Leader was one of the largest of the Brixham sailing trawlers, known, despite their Ketch rig, as the ‘Big Sloops’.
Leader, at 105 feet in length overall (LOA) including bowsprit, and displacing 110 tonnes, is the largest and oldest of the three Trinity boats. She carries 3,150 sq ft of sail on a gaff ketch rig, measures 80 ft on deck, has a beam of 19 ft and a draught of 10 ft. She is one of the largest class of sailing trawler. She was built in 1892 at W. A. Gibbs’ yard at Galmpton on the River Dart in Devon. She fished in UK waters until 1907, when she was sold to Swedish owners. She operated on Sweden’s west coast until 1970, when she became a sail training vessel for the Swedish Cruising Club.
In 1985 she moved to the west coast of Scotland where, as ‘Lorne Leader’, she was used for sailing holidays and charter for ten years. In 1996 she was brought home to South Devon, and operated from Dartmouth until 1999, when she became part of the Trinity fleet, based in Brixham.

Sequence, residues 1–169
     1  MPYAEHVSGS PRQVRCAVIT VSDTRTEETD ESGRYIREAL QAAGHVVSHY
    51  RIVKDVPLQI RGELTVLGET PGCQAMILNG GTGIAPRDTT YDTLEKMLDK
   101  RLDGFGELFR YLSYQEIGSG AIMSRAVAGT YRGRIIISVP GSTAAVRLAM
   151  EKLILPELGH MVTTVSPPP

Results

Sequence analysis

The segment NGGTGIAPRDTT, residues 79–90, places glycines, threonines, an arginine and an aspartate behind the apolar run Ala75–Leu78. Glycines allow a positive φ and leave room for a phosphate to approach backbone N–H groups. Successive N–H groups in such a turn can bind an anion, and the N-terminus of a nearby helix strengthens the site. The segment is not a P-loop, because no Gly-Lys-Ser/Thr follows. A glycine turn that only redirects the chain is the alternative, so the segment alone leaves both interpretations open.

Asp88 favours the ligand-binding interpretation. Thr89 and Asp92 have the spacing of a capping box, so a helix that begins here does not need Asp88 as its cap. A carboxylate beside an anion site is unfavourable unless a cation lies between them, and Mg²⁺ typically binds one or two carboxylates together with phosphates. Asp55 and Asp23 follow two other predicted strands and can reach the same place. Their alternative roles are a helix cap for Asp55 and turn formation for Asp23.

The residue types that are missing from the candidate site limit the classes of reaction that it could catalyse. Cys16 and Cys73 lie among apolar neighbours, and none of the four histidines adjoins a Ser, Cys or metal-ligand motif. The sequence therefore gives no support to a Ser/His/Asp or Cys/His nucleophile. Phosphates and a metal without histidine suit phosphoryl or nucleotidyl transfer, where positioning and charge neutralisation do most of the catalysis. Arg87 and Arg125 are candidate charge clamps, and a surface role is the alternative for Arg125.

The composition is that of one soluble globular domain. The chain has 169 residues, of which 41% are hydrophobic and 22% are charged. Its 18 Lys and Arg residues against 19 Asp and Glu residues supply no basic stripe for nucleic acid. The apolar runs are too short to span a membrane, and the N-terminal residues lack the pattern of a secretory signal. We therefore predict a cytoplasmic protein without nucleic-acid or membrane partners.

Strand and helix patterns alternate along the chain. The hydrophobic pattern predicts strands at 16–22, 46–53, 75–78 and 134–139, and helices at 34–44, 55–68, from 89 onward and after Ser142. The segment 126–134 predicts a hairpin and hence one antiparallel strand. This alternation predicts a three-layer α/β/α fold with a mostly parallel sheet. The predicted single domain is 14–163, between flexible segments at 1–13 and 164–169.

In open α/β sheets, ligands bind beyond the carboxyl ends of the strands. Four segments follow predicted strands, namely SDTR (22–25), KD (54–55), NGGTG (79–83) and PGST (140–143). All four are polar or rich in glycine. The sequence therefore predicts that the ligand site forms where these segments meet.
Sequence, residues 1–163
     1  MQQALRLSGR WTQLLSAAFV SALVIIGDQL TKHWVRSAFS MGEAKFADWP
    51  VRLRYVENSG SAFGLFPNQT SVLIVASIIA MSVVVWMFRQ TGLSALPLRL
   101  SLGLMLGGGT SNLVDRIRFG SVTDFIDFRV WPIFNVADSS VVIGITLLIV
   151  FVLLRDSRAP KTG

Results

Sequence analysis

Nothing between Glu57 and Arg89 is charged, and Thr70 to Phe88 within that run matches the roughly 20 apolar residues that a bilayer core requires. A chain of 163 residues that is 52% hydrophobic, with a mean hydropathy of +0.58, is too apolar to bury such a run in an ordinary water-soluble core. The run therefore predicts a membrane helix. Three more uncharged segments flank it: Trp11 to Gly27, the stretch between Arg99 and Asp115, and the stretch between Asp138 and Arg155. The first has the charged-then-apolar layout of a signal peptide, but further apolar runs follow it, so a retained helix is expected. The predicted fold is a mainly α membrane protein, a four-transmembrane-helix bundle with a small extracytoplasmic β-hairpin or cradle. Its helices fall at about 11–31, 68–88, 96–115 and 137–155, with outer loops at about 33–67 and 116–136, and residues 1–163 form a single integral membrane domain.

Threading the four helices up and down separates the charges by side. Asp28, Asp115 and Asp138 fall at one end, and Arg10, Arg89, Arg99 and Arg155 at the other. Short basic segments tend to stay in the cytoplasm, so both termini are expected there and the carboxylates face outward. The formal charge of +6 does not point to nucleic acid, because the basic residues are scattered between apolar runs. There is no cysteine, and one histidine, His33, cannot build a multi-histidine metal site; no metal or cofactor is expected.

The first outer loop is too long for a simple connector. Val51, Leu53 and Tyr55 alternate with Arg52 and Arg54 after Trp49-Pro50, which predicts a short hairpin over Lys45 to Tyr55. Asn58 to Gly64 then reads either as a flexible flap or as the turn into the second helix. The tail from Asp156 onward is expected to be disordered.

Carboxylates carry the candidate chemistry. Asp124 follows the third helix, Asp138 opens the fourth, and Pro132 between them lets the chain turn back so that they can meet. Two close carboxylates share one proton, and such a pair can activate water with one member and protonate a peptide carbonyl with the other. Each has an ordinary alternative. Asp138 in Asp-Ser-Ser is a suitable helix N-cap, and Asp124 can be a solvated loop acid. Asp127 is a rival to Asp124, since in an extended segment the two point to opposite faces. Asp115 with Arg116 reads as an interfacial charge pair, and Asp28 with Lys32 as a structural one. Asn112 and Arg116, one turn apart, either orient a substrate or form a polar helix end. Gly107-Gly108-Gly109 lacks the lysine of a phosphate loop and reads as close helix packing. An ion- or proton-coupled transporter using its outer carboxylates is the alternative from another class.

Since that time, Leader has undergone a programme of restoration culminating in a £250,000 project to replace her decks, bulwarks and stanchions. The ‘Leader Project’, which was completed in May 2012, was part funded by a Heritage Lottery Fund grant of £170,000 and the cheque was handed over the Trinity by the Eastender’s actor Larry Lamb. More info can be found at the ‘Leader Project‘ page.
Down below, Leader has been fitted out for her modern role. She has accommodation for twelve guests and five crew, a large saloon area, modern galley, two heads (toilets), a hot shower, and a generator that supplies a ring main with 240v electricity. She has a well equipped navigation station with modern navigation equipment including radar, GPS and DSC VHF Radio.
Leader is rigged now just as she was when she fished under sail, over 100 years ago. She has a ‘Gaff Rig’, indicating that the Main and Mizzen sails are hoisted using a ‘gaff’, a spar attached to their upper side. The Ketch rig (two masts) was used to divide up the sail area, making each sail easier to handle by a small crew. The large number of sails (up to eight) makes it easy to ‘change gear’ by hoisting or lowering sails as required, depending upon the strength of the wind.
The Ketch rig is very versatile; good in light winds, when extra sails can be set (such as flying jib and mizzen staysail), good in heavy winds (she can sail under mizzen and staysail alone) and good for manoeuvring (the mizzen can be used to help to balance and turn the boat).